• title Inkosi Enkhulu of the amaMpondomise
    • title Inkosi Enkhulu of the abaThembu, currently ruled by Buyelekhaya Zwelinbanzi Dalindyebo.
    • title Inkosi Enkhulu of the Nhlangwini, currently ruled by Melizwe Dlamini

The Great Mongol Khan: Genghis Khan

Manchu Tribal Chief Nurhaci

In Asia

East Asia paramount chieftainships and titles

  • Khan

Khan, alternately spelled lowercase as khan[2] and sometimes spelled as Han, Xan, Ke-Han, Turkic: khān,[2][3]Mongolian: qāān,[3]Chinese: 可汗 or 汗, kehan or han) is an originally Central Asian title for a sovereign or military ruler, first used by medieval Turko-Mongol nomadic tribes living to the north of China. ‘Khan’ is first seen as a title in the Xianbei confederation[4] for their chief between 283–289[5] and was used as a state title by the Rouran confederation.[6]
It was subsequently adopted by the Göktürks before Turkic peoples and the Mongols brought it to the rest of Asia. In the middle of the sixth century it was known as “Kagan – King of the Turks” to the Persians.[4]

It now has many equivalent meanings such as commander, leader, or ruler. The most famous khan was the Great Khan of Mongols: Genghis Khan. Another famous Manchu khan was Nurhachi.

In Oceania

Fijian chief and warlord Seru Epenisa Cakobau (1815–1883).

Samoan paramount chief Mata’afa Iosefo (1832–1912)

  • Aotearoa (New Zealand), Ariki Nui of Ngati Tuwharetoa, a Māori tribe in the central North Island – a hereditary chieftainship which still has great influence. In the 1850s the Māori King Movement resulted in the election of a Waikato chief as Māori King.
  • American Samoa
  • Cook Islands, the paramount chief of the Cook Islands was an ariki of the Makea Nui dynasty, a chiefdom of the Te Au O Tonga tribe in Rarotonga, the Kingdom of Rarotonga was established in 1858 and ended in 1888.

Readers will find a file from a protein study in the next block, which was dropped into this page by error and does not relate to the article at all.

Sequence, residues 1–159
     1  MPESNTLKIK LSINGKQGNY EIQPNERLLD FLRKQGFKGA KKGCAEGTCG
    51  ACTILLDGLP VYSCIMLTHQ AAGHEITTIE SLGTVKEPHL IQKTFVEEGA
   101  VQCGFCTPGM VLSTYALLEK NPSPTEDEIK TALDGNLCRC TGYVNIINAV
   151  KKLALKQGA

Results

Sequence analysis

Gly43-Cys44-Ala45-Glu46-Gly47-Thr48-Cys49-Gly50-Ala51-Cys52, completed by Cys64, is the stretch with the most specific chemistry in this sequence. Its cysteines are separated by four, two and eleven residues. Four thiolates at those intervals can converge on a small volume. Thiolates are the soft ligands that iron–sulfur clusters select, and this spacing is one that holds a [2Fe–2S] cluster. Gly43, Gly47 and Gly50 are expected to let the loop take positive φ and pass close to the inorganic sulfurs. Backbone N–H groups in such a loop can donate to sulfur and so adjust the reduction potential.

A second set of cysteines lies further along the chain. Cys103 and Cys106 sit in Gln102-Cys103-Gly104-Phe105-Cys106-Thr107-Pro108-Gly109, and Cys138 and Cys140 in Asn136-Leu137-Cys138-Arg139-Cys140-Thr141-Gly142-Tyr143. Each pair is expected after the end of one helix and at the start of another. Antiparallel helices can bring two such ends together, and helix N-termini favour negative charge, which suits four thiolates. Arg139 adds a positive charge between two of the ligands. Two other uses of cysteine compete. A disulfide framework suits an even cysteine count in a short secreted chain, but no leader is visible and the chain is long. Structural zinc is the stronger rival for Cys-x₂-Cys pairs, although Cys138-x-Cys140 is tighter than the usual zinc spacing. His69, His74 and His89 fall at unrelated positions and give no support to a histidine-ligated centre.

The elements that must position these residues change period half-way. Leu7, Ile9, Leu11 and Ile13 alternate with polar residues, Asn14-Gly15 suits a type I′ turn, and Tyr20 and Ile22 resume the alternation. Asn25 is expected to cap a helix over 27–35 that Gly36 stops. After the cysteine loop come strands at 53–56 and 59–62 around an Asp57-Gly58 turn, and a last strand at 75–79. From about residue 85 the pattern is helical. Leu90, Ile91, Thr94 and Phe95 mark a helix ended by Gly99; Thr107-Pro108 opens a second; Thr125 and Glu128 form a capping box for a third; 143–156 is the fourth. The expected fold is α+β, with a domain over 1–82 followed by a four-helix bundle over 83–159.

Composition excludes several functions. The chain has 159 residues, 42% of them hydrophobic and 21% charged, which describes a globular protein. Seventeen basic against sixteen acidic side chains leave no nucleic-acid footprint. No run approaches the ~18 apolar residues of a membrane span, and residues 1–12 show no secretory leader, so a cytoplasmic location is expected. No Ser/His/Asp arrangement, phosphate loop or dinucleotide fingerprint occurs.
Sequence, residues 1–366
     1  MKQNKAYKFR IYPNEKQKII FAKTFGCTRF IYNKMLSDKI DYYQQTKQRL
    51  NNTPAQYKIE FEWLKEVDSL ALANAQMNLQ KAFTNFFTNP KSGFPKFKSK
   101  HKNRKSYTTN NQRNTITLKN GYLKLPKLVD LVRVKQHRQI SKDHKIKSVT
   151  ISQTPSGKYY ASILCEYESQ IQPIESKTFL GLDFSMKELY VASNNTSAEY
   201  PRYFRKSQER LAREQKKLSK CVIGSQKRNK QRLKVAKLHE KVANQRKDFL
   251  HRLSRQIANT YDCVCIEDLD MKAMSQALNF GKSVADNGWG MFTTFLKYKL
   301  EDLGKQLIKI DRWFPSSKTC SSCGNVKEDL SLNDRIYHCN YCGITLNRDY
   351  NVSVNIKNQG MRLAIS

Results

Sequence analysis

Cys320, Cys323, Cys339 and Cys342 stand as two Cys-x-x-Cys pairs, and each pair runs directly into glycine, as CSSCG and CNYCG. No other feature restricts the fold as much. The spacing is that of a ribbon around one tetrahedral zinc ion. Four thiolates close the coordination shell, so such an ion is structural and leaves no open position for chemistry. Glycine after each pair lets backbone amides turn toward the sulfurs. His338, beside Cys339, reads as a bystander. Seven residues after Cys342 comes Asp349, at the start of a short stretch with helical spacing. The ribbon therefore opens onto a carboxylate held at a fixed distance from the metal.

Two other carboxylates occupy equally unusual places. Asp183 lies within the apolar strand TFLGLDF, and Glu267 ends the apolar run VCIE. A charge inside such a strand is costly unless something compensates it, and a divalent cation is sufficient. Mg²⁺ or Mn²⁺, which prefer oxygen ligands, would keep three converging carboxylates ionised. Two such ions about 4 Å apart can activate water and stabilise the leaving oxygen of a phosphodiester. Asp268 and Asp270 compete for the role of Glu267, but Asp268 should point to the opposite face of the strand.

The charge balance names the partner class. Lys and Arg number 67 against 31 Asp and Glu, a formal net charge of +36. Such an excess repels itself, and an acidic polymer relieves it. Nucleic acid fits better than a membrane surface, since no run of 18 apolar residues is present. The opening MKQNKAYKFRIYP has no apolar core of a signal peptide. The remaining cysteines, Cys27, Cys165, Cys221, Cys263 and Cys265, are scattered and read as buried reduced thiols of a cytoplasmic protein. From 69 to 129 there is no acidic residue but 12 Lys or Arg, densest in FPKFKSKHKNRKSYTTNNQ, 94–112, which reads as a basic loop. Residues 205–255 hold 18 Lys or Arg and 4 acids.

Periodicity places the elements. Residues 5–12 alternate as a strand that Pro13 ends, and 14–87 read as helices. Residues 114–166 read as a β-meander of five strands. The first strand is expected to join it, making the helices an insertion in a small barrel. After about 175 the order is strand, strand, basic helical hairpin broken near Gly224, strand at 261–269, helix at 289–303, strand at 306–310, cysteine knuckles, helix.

• Fiji:

    • during the October–December 1987 secession agitation on one island, known as the Republic of Rotuma, led by Henry Gibson (remained in New Zealand), his style was Gagaj Sau Lagfatmaro, rendered as Paramount chief or King of the Molmahao Clan. NB: This title was not recognised by the Rotuma Island Council as the titles Gagaja and Sau have never been used together. The closest thing to a paramount chief is the position of Fakpure, currently belonging to the district chief (gagaj ‘es itu’u) of Noa’tau.
    • the British Sovereign was recognized as “Paramount Chief”, even after the country became a republic on 7 October 1987; however, this was not an office of state
  • French Polynesia: ari`i *
  • Rapa Nui (Easter Island) * (presently in Chile) paramount chief or king, the ariki henua or ariki mau*
  • Samoa, paramount titles in the fa’amatai chiefly system include; Malietoa, Mata’afa, Tupua Tamasese and Tuimaleali’ifano.

See also

  • Chef supérieur
  • Great King
  • Hegemony
  • High king
  • Monarchy
  • Monarchy of Fiji – the Great Council of Chiefs until de-established in March 2012, recognised Elizabeth II as Tui Viti or Paramount Chief
  • Paramount ruler
  • Sachem

Sources and references

  • WorldStatesmen see each present country

References

  1. ^ ab Government Documents. Great Britain. Foreign Office. Correspondence with Foreign Courts Regarding Execution of Treaties Contracted. London, 1821. 110pp
  2. ^ ab “khan”. Merriam-Webster Online Dictionary. Merriam-Webster. Retrieved 2008-04-25..mw-parser-output cite.citation{font-style:inherit}.mw-parser-output q{quotes:”””””””‘””‘”}.mw-parser-output code.cs1-code{color:inherit;background:inherit;border:inherit;padding:inherit}.mw-parser-output .cs1-lock-free a{background:url(“//upload.wikimedia.org/wikipedia/commons/thumb/6/65/Lock-green.svg/9px-Lock-green.svg.png”)no-repeat;background-position:right .1em center}.mw-parser-output .cs1-lock-limited a,.mw-parser-output .cs1-lock-registration a{background:url(“//upload.wikimedia.org/wikipedia/commons/thumb/d/d6/Lock-gray-alt-2.svg/9px-Lock-gray-alt-2.svg.png”)no-repeat;background-position:right .1em center}.mw-parser-output .cs1-lock-subscription a{background:url(“//upload.wikimedia.org/wikipedia/commons/thumb/a/aa/Lock-red-alt-2.svg/9px-Lock-red-alt-2.svg.png”)no-repeat;background-position:right .1em center}.mw-parser-output .cs1-subscription,.mw-parser-output .cs1-registration{color:#555}.mw-parser-output .cs1-subscription span,.mw-parser-output .cs1-registration span{border-bottom:1px dotted;cursor:help}.mw-parser-output .cs1-hidden-error{display:none;font-size:100%}.mw-parser-output .cs1-visible-error{font-size:100%}.mw-parser-output .cs1-subscription,.mw-parser-output .cs1-registration,.mw-parser-output .cs1-format{font-size:95%}.mw-parser-output .cs1-kern-left,.mw-parser-output .cs1-kern-wl-left{padding-left:0.2em}.mw-parser-output .cs1-kern-right,.mw-parser-output .cs1-kern-wl-right{padding-right:0.2em}
  3. ^ ab “khan”. The American Heritage Dictionary of the English Language. Bartleby.com. Archived from the original on 2007-08-19. Retrieved 2008-04-25.